Museum Quality Gardens

A interesting garden typology which seems to be given more attention in recent times is the museum garden, such as the garden at Giverny ‘The Museum of Impressions’. The garden museum was conceived to give visitors an experience of the Seine valley on the impressionists trail and to complement the art gallery experience of viewing impressionist paintings. The museum building is described as “topped by roofs landscaped in heather…inscribed into the natural slope of the land, allowing the minimum of opague walls.”

For the garden traditionalist there is the Musee Rodin in Paris which captures something of the atmosphere of the outdoors indoors and has a an inspiring sculpture garden.

Perhaps an even more interesting possibility with this trend is the potential for the museum-in-the-garden. The museum of life and science in North Carolina demonstrates the potential of the museum outdoors.

Where better to experience and learn about art, physics and the natural world?

2 thoughts on “Museum Quality Gardens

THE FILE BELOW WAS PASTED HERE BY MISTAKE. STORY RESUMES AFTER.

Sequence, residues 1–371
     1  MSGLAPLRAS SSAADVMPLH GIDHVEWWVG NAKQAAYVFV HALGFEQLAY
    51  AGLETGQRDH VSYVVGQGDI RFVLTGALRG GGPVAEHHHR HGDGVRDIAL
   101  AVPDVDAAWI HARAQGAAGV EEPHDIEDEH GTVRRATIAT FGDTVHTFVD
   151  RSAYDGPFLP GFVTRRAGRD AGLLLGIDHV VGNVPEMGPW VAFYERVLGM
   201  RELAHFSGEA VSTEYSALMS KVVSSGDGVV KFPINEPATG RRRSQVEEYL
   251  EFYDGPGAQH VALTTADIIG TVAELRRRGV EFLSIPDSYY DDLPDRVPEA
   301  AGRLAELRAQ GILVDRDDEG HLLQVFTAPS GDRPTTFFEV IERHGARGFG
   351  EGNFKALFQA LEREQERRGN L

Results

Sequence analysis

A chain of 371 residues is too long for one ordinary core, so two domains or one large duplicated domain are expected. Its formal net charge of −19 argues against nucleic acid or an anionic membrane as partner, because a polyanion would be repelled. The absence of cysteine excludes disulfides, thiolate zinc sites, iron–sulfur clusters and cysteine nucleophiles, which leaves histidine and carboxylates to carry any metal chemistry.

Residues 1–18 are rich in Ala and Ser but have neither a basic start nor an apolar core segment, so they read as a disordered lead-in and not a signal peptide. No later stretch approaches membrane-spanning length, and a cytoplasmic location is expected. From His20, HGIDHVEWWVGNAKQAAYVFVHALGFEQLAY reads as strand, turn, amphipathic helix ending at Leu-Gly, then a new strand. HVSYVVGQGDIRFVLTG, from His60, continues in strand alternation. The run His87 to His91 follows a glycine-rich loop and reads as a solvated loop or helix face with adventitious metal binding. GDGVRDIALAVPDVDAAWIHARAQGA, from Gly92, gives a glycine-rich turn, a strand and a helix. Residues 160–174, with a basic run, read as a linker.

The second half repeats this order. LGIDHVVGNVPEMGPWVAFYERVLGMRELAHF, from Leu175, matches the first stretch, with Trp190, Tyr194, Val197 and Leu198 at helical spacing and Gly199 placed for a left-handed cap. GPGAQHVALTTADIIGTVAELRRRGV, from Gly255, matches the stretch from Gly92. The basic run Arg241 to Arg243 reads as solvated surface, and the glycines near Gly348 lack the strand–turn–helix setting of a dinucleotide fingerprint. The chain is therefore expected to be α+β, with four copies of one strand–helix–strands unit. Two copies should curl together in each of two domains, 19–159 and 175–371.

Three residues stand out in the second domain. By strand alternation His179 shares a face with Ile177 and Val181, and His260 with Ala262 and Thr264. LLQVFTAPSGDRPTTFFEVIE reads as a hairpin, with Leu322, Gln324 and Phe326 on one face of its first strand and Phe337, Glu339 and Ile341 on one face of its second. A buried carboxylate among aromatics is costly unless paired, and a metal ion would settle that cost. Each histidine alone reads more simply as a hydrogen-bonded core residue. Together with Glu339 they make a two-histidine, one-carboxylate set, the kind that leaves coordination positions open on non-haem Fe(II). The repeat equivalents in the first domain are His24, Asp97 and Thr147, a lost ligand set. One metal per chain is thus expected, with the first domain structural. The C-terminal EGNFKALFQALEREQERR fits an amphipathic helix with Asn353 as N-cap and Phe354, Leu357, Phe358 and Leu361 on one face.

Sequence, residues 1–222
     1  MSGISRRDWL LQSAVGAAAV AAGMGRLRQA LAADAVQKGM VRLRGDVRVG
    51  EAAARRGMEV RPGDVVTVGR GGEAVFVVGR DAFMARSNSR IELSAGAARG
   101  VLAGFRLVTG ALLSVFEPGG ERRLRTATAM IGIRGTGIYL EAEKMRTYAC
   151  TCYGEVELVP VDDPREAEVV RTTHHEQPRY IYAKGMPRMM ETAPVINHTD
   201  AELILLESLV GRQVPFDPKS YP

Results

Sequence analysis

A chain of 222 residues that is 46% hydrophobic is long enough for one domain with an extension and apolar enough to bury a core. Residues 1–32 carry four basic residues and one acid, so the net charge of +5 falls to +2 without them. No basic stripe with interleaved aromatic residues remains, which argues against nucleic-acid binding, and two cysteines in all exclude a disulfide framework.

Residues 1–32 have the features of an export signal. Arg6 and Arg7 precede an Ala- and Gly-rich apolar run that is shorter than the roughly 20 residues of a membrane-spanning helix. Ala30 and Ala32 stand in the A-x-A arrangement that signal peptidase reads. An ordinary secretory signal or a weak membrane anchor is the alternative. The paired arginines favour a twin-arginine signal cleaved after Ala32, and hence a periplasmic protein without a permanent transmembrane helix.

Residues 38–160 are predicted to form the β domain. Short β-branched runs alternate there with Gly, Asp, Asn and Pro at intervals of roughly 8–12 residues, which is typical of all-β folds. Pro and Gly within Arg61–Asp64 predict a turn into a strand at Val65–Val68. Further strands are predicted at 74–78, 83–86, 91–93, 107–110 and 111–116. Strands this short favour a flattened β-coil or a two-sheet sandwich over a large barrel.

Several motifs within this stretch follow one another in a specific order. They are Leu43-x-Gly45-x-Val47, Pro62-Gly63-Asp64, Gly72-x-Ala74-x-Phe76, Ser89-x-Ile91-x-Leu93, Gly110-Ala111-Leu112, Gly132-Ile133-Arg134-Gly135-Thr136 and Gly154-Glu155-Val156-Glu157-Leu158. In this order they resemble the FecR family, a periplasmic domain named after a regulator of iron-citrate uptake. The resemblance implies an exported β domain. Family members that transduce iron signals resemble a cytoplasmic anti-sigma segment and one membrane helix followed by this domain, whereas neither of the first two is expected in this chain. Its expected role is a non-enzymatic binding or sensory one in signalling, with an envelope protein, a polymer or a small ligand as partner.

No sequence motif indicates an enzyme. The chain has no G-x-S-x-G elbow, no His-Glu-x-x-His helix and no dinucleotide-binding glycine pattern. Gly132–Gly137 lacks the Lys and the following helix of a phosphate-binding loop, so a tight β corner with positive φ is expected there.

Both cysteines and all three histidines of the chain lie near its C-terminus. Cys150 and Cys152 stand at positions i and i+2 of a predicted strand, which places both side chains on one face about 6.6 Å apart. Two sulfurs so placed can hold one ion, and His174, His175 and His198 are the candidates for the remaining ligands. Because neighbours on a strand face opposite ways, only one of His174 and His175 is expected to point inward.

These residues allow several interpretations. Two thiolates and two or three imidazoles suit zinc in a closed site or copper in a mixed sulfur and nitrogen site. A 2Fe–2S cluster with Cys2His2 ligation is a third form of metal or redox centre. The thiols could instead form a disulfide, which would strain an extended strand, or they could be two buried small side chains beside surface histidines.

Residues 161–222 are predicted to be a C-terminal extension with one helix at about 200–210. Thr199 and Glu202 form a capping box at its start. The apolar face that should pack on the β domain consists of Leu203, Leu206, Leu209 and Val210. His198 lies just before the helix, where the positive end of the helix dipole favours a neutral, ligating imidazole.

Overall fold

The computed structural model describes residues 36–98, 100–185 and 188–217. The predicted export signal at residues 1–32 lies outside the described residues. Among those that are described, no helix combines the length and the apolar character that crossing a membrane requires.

1. Tom Turner

    The OED explains the origin of the word museum as follows ‘In the ancient Hellenic world: a building connected with or dedicated to the Muses or the arts inspired by them; a university building, esp. that established at Alexandria by Ptolemy Soter c280 B.C.’ But were Hellenic ‘museums’ in towns or in sanctuaries, like Delphi? I think they must have been in sanctuaries and, if so, it is likely that they were in a ‘garden-like’ space. Pausanias (c. 160 ce) observed that in the sanctuary at Gryneum, in Ionia, ‘there is a most beautiful grove of Apollo, with cultivated trees, and all those which, although they bear no fruit, are pleasing to smell or look upon.’ Pausanias also wrote about the temple sanctuaries of Egypt and a connection between these and Egyptian sanctuaries is probable – the Greeks also learned about stone temples from the Egyptians. So I think the museum garden is a type with a long pedigree – and I completely agree that it is a type to be encouraged. I welcome what was attempted at the Getty Center and am a little queasy about the results. Museum curators learn much about curatorship and not enough about the soul.
    PS is the photograph of the art museum at Giverny?

  2. christine

    Yes. However the question for the soul is asked not only by this museum garden but also by the photographic exhibition by Marjorie Peirson entitled ‘The Fragile Beauty Exhibition’.
    [ ]It is a comment on the disappearing wetlands of South Louisiana and North Carolina.

    Both embody the beauty of nature. However the question for the soul is:

    What is the ideal relationship between the built world and the natural world? How do we know when we have got the balance right?


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